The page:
The problem occurs when, after years and years of acknowledging that the basic underpinning of the U.S. as a constitutional democracy is derived primarily from Judeo-Christian ideals and principles.Thus the decision by the platform committee to remove the word God from the document was clearly a signaask tjat most democrats no longet subscribe to those ideals and principles.

      1. A.Villarasa profile image71
        A.Villarasaposted 5 years agoin reply to this

        I meant to say ...signal that most democrats ..

      2. Josak profile image61
        Josakposted 5 years agoin reply to this

        Massive portions of the Democrat contingent are still Christian for example most Catholics voted fro Obama last election but yes Christianity is numerically failing in the US and in particular amongst educated people and since liberals are almost twice as likely to have a college education it's rather unsurprising that the religious numbers are falling there.

        Religion should have nothing to do with politics anyway, faith is a personal choice and has no place being enforced by government or affecting the lives of those who choose not to have faith.

        1. A.Villarasa profile image71
          A.Villarasaposted 5 years agoin reply to this

          @Josak:

          So are you saying that the more educated a person is, the more liberal he becomes, and the less he would subscribe to the Christian faith?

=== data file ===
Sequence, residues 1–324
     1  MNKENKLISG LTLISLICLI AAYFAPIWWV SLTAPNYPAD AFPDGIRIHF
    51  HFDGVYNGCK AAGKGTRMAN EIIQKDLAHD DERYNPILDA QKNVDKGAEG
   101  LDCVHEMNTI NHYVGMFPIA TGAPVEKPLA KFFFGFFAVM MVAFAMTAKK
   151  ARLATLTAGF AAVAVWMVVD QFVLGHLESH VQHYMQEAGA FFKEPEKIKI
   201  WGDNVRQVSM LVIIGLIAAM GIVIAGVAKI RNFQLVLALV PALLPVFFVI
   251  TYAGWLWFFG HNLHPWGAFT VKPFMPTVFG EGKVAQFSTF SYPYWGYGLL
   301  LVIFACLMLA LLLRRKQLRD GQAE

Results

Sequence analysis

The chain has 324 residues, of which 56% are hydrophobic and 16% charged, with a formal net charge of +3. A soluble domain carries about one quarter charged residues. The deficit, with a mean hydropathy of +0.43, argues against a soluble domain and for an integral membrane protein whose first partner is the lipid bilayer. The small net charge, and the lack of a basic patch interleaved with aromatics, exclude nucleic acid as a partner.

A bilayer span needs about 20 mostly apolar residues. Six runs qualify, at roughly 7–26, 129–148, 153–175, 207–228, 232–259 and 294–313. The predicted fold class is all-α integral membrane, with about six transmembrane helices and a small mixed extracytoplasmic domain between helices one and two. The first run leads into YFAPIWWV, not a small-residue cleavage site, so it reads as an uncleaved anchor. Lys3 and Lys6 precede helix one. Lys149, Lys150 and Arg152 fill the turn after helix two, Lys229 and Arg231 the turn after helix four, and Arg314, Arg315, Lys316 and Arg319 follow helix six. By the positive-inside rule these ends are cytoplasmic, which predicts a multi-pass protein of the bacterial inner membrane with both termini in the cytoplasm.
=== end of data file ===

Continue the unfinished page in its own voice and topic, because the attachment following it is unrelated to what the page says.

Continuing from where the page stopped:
Most people would find that argument  a bit fatuous, and self-serving if one is a liberal, suggesting that perhaps liberals are more intelligent than others. Getting a university education may  translate to being able to get a better-paying job, but becoming more intelligent, and less Christian?..hhmmm I don't think so.

          1. psycheskinner profile image85
            psycheskinnerposted 5 years agoin reply to this

            It is an empirical claim, so i guess there is some data out their on it.  Demographics and beliefs do interact.  For example people tend to become more conservative as they age,

  6. Uninvited Writer profile image83
    Uninvited Writerposted 5 years ago

    That nasty ACLU and their attack on religion...

    http://www.aclu.org/aclu-defense-religi … expression

    The ACLU of Michigan (2007) filed a lawsuit in Wayne County Circuit Court against Old Redford Academy, a public charter school in Detroit, for violating a ninth grade student's right to wear his hair long in accordance with a verse in Leviticus. Despite the religious basis for his long hair, the school suspended him and referred him for expulsion for violating its “closely cropped” hair policy. The judge issued an injunction ordering the Academy to let the student return to school. 
    http://www.aclumich.org/issues/religiou … 07-10/1232

    The ACLU of Pennsylvania (2007) came to the defense of a second-grade student who, in response to a class assignment to write a story, submitted a story about Easter and redemption. After the teacher rejected the submission because of its religious content, the ACLU wrote a letter to the school on the student's behalf. The principal and teacher subsequently apologized, and the principal agreed to instruct his teachers on the law.

    The ACLU of Michigan (2004) represented Abby Moler, a student at Sterling Stevenson High School, whose yearbook entry, a Bible verse, was deleted because of its religious content. A settlement was reached under which the school placed a sticker with Moler's original entry in the yearbooks and agreed not to censor students' yearbook entries based on their religious or political viewpoints in the future.
    http://www.aclu.org/studentsrights/expr … 40511.html


    http://www.aclufightsforchristians.com/

    1. Repairguy47 profile image60
      Repairguy47posted 5 years agoin reply to this

      I must be wrong huh? Jeeeeeeeeesus

      1. Ralph Deeds profile image64